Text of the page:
Last November the NSPCC reported that 38% of young people have been affected by cyber-bullying in the UK and that 11% of Childline calls are related to cyber bullying on Facebook.
It’s an unfortunate reality that in today’s age of social media and widespread internet access, children are being bullied simply by going online in their own home. I have spoken about the increasing problem of cyber bullying before and the need to balance the freedom of the internet with the need to protect the vulnerable.
Some measures are already in place, like
This helps victims by encouraging them to discuss their experiences and show support to others who are being subjected to cyber bullying.
A school in the Harpurhey area of Manchester has also been teaching their Year 7s about how social media works and how lenient privacy settings on social media sites can mean personal information about you can be found easily. Raising awareness of the existence of cyber bullying and how it can be dealt with, as well as how social media websites work seems to be a good way of showing victims of cyber bullying a way out.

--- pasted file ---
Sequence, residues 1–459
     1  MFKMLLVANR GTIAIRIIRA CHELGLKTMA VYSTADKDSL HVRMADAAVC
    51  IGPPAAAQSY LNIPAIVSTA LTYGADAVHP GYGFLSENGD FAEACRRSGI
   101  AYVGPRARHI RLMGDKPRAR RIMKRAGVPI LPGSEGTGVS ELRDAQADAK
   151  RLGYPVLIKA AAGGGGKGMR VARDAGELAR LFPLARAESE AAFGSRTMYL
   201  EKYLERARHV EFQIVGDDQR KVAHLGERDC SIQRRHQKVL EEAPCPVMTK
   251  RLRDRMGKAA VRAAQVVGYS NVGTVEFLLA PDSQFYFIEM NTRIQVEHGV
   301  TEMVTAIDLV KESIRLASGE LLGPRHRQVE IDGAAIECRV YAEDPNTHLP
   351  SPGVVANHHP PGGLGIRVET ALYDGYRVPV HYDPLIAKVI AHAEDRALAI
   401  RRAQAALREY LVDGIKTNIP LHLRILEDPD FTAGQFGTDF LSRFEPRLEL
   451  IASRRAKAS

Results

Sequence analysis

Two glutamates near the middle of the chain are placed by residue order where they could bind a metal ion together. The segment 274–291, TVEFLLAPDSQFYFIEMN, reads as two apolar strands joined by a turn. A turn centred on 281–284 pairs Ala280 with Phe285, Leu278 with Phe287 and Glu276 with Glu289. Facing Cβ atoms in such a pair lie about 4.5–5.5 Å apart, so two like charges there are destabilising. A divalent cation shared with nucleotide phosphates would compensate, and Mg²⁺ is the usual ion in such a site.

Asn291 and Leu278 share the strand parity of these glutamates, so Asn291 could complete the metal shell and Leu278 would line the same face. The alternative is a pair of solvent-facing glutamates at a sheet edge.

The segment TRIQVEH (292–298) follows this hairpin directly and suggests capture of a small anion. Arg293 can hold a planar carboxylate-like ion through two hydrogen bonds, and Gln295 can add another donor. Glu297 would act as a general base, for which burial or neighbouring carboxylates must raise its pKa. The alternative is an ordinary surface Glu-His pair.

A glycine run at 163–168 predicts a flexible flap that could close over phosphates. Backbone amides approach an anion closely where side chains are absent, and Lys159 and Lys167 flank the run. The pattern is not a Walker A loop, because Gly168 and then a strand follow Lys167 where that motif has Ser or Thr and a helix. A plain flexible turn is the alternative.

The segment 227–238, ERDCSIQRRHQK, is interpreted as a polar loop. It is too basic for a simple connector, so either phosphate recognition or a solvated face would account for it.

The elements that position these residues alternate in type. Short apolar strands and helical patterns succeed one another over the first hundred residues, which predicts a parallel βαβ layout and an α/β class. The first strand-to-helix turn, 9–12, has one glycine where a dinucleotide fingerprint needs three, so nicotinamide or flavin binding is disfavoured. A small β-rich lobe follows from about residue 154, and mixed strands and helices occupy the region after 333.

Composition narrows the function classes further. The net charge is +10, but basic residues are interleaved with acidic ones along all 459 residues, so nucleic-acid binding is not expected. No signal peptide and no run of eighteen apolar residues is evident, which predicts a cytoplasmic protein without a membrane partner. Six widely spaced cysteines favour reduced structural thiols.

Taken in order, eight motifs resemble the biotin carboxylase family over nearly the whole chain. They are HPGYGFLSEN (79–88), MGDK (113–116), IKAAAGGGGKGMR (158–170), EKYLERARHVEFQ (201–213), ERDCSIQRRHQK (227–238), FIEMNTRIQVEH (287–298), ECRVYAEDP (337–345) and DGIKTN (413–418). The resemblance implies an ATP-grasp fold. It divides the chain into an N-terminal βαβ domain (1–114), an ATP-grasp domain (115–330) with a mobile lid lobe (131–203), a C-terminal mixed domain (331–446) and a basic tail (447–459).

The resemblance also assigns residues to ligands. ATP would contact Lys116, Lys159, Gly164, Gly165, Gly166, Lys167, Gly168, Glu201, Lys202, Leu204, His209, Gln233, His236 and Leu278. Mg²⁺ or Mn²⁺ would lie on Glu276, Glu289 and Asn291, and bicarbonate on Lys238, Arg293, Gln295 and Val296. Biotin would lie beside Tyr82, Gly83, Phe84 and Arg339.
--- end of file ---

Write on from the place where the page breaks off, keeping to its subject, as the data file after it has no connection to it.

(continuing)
If the problem continues to increase, a review of the three laws which collectively deal with cyber bullying, the Protection from Harassment Act 1997, the Malicious Communications Act 1988 and the Communications Act 2003, may need to be made so the Government can discover whether cyber bullying would be better dealt with using specific cyber bullying legislation.
The early years of education are incredibly important to someone’s life as they help build the personal grow and basic skills that a youngster needs to flourish as an adult. Bullying undermines this and can leave a psychological scar for years. I hope that those victimised by bullying are able to get more help and support, whether it be on-line, or in the playground.